Men who do not benefit from medical or psychological treatment often have success with mechanical or prosthetic devices. External products, known as vacuum erection devices, are safe and highly effective, but many men and their partners find them unappealing. Another option is a surgically placed penile implant. However, because implants require surgery (with the risk of surgical complications), only 10 percent of men with erectile dysfunction choose this option. Vascular (blood vessel) surgery sometimes is recommended for young, healthy men who develop impotence after trauma to the groin.
Definitions used on this page
- A state of uneasiness and apprehension, as about future uncertainties.
- Worry or tension in response to real or imagined stress, danger, or dreaded situations. Physical reactions such as fast pulse, sweating, trembling, fatigue, and weakness may accompany anxiety.
- The inability to achieve and sustain penile erections.
- A gland in the throat that produces hormones that regulate growth and metabolism.
- A large gland in the neck that functions in the endocrine system. The thyroid secretes hormones that regulate growth and metabolism.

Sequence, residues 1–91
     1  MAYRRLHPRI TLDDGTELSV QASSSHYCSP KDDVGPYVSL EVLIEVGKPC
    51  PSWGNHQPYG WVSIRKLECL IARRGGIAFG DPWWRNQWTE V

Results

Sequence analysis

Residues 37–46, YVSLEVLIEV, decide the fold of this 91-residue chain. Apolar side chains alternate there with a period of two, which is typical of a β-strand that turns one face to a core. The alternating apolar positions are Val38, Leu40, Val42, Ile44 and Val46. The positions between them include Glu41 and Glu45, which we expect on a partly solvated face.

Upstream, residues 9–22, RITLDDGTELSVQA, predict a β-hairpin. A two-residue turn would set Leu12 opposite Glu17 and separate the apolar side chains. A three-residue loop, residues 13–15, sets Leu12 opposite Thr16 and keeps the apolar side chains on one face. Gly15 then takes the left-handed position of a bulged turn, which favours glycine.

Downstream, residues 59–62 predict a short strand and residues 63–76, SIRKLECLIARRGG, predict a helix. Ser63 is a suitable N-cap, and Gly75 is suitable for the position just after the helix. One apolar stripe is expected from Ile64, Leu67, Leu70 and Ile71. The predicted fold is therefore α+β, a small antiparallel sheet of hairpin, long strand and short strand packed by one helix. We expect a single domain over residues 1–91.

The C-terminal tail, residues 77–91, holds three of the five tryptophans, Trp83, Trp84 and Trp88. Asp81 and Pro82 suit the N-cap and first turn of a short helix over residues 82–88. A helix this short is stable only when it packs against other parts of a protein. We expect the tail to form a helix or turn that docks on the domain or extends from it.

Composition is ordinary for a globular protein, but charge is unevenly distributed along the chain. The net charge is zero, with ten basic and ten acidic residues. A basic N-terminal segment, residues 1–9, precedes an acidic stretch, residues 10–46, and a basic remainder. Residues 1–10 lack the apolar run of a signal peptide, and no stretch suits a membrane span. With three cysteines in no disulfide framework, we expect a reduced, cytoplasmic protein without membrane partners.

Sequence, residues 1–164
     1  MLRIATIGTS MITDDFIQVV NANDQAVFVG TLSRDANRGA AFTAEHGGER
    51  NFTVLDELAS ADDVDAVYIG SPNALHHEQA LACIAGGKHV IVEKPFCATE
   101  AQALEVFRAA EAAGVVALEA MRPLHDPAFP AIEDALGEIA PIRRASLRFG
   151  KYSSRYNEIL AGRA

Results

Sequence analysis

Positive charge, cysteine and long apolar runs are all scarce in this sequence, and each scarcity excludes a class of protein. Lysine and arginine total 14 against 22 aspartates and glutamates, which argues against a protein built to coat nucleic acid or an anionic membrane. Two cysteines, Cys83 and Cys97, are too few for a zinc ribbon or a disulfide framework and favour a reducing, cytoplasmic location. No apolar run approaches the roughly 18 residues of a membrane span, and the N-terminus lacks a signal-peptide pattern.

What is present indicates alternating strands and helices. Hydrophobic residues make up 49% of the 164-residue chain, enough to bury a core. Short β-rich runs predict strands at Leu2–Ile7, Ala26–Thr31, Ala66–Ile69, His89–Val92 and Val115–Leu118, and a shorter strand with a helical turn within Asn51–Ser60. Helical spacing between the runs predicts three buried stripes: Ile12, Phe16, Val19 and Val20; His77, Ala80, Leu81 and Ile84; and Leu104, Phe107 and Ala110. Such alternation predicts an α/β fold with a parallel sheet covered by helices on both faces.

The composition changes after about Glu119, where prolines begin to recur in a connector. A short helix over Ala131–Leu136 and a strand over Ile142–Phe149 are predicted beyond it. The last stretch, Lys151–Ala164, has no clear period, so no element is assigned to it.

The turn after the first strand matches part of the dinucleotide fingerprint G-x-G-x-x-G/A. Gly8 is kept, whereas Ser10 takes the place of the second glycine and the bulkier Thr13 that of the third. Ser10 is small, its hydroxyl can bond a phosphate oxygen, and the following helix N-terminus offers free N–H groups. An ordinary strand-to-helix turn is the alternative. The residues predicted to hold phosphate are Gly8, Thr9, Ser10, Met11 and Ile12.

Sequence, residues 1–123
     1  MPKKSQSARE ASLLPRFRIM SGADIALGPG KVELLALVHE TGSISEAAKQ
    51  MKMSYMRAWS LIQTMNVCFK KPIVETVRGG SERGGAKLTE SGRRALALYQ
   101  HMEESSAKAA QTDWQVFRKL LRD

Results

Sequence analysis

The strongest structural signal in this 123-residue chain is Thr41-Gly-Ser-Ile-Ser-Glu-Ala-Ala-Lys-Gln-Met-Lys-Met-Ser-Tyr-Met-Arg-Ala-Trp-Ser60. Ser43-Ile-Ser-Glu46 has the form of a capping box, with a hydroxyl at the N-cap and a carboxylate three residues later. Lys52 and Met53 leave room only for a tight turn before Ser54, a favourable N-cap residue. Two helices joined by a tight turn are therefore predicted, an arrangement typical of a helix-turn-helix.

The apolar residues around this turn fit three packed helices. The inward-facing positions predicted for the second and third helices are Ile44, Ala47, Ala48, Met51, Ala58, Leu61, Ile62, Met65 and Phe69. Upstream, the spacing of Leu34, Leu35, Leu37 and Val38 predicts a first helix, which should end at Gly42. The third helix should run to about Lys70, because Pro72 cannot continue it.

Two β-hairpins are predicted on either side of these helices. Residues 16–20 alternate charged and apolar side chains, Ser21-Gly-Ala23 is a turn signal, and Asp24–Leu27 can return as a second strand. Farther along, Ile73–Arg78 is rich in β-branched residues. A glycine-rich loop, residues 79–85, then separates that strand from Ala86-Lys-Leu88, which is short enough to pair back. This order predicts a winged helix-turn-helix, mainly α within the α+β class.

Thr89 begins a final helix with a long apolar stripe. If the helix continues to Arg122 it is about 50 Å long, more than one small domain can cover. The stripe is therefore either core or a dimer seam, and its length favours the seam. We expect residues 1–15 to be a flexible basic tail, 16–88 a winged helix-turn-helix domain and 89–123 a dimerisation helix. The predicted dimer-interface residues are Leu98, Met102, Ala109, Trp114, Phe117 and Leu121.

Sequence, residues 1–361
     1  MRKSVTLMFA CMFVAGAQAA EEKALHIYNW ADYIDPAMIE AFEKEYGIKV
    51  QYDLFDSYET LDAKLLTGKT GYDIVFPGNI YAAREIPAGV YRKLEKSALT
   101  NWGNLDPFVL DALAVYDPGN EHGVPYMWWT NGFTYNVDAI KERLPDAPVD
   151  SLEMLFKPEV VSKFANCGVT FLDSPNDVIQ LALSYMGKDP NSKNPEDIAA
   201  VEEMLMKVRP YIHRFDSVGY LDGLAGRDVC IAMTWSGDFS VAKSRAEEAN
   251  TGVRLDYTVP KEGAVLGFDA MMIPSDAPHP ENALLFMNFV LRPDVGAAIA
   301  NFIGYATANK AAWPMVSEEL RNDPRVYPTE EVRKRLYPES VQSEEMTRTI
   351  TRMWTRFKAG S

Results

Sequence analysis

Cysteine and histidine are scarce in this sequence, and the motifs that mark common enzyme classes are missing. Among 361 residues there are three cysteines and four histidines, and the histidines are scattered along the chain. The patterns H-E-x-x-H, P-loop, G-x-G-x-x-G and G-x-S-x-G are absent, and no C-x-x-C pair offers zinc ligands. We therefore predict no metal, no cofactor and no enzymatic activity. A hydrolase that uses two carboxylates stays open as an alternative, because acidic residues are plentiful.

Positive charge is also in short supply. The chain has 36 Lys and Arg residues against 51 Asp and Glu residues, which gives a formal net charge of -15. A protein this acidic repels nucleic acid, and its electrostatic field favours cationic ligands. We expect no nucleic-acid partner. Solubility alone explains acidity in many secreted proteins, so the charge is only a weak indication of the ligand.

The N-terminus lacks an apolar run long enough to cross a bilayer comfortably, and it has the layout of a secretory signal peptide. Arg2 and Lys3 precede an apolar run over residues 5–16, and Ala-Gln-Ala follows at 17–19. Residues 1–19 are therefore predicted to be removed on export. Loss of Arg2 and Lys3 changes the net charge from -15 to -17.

- A drug used to counteract the physiological effects of histamine production in allergic reactions and colds.
- Reducing or controlling high blood pressure.
- In psychiatry, a symptom of mood disorder characterized by intense feelings of loss, sadness, hopelessness, failure, and rejection.
- The expulsion of seminal fluid from the urethra of the penis during orgasm.
- The process of ejecting semen from the penis, and is usually accompanied by orgasm as a result of sexual stimulation.
- The firm and enlarged condition of a body organ or part when the erectile tissue surrounding it becomes filled with blood, especially such a condition of the penis or clitoris.
- Any of several steroid hormones produced chiefly by the ovaries and responsible for promoting estrus and the development and maintenance of female secondary sex characteristics.